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Research Topic

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The neocortical column

Topic Editors:

Javier DeFelipe, Cajal Institute, Spain
Henry Markram, Ecole Polytechnique Federale de Lausanne, Switzerland
Kathleen S. Rockland, Boston University School Medicine, USA

Submission Closed.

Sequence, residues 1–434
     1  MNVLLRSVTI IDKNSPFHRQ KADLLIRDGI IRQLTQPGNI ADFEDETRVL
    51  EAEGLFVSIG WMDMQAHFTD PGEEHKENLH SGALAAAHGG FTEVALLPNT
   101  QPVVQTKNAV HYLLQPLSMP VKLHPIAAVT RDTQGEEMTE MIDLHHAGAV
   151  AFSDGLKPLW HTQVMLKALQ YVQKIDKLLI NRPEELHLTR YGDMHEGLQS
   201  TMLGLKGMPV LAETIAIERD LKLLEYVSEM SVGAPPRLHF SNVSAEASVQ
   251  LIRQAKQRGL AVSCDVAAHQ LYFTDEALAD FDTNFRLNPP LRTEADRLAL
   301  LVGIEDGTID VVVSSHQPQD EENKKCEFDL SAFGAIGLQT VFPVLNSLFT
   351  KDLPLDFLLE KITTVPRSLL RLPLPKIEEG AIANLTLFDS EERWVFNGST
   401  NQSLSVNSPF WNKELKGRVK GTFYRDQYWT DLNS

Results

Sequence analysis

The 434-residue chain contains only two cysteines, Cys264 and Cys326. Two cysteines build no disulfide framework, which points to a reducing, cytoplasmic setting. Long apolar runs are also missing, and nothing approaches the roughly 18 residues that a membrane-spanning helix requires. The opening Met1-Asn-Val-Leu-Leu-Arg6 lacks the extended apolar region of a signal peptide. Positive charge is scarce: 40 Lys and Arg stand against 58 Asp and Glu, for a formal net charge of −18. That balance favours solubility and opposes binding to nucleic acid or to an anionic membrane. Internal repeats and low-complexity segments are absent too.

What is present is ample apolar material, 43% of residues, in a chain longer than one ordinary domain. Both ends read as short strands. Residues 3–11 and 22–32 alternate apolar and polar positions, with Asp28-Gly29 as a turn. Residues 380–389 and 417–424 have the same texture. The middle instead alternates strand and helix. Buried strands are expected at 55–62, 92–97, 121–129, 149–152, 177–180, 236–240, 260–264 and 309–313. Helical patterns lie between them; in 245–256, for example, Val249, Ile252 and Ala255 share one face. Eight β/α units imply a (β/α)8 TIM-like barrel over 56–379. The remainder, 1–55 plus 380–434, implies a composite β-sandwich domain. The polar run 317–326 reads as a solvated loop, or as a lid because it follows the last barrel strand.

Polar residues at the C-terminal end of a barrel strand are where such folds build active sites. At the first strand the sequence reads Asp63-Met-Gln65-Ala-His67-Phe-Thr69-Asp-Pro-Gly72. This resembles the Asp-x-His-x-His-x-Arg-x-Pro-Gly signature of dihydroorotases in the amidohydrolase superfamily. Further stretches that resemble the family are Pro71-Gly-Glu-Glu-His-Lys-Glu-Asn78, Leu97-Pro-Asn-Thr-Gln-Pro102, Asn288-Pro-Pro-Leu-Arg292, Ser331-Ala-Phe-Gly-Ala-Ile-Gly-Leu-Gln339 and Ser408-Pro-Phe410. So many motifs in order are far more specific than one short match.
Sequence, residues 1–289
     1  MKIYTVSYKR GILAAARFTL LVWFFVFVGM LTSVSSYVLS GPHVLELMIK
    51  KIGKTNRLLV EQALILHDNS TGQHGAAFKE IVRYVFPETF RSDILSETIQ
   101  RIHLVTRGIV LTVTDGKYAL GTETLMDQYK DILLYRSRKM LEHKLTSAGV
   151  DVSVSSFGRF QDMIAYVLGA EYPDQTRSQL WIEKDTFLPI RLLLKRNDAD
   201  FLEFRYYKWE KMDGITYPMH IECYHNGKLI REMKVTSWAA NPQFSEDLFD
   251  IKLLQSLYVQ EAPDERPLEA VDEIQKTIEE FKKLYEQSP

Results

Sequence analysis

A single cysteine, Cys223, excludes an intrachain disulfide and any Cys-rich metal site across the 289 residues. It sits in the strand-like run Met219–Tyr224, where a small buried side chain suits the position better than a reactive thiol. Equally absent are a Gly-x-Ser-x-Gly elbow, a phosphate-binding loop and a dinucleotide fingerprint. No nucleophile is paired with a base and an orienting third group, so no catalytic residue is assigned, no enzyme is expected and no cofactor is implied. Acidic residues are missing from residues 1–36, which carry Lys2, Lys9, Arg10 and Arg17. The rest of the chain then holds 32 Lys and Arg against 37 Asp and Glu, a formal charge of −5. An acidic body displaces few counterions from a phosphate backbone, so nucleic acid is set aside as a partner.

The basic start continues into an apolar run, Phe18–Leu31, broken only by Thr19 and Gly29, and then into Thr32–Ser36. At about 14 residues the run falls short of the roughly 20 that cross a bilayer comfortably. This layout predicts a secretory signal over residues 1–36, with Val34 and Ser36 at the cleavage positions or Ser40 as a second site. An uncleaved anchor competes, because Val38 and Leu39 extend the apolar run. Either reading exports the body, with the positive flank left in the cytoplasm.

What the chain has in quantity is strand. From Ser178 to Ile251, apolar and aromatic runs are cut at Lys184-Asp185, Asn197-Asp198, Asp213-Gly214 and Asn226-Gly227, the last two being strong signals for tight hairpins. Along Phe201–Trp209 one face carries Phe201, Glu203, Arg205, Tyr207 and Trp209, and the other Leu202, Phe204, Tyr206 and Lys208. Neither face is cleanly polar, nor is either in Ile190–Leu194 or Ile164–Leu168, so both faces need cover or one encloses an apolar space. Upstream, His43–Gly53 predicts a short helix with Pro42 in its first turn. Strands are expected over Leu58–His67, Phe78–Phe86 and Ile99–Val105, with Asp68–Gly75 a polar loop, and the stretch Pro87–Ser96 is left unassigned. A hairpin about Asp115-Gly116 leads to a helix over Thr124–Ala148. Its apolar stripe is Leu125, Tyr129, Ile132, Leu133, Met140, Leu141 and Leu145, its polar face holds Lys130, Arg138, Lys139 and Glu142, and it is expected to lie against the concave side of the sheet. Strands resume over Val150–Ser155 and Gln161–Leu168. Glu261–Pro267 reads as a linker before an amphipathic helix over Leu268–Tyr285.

The columnar organization is currently the most widely held hypothesis to explain the cortical processing of information, making its study of potential interest to any researcher interested in the cerebral cortex, both in a healthy and pathological state. Enough data are now available so that the Blue Brain Project can realistically tackle a model of the sensory column in rat. Few will deny however, that a comprehensive framework of the function and structure of columns has remained elusive. One set of persistent problems, as frequently remarked, is nomenclature. "Column" is used freely and promiscuously to refer to multiple, distinguishable entities; for example, cellular or dendritic minicolumns (<50um), and afferent macrocolumns (200-500um). Another set of problems is the degree to which the classical criteria (shared response properties, shared input and common output) may need to be modified and, if so, how. A third, related set of problems is to define area-specific and species-specific variations. Finally, more of an ultimate goal than a problem, is to achieve fundamental understanding of what columns are and how they are used in cortical processes. Therefore, one of the major objectives is to translate recent technical advances and new findings in the neurosciences into practical applications for the neuroscientist, the clinician, and for those interested in comparative anatomy and brain evolution.

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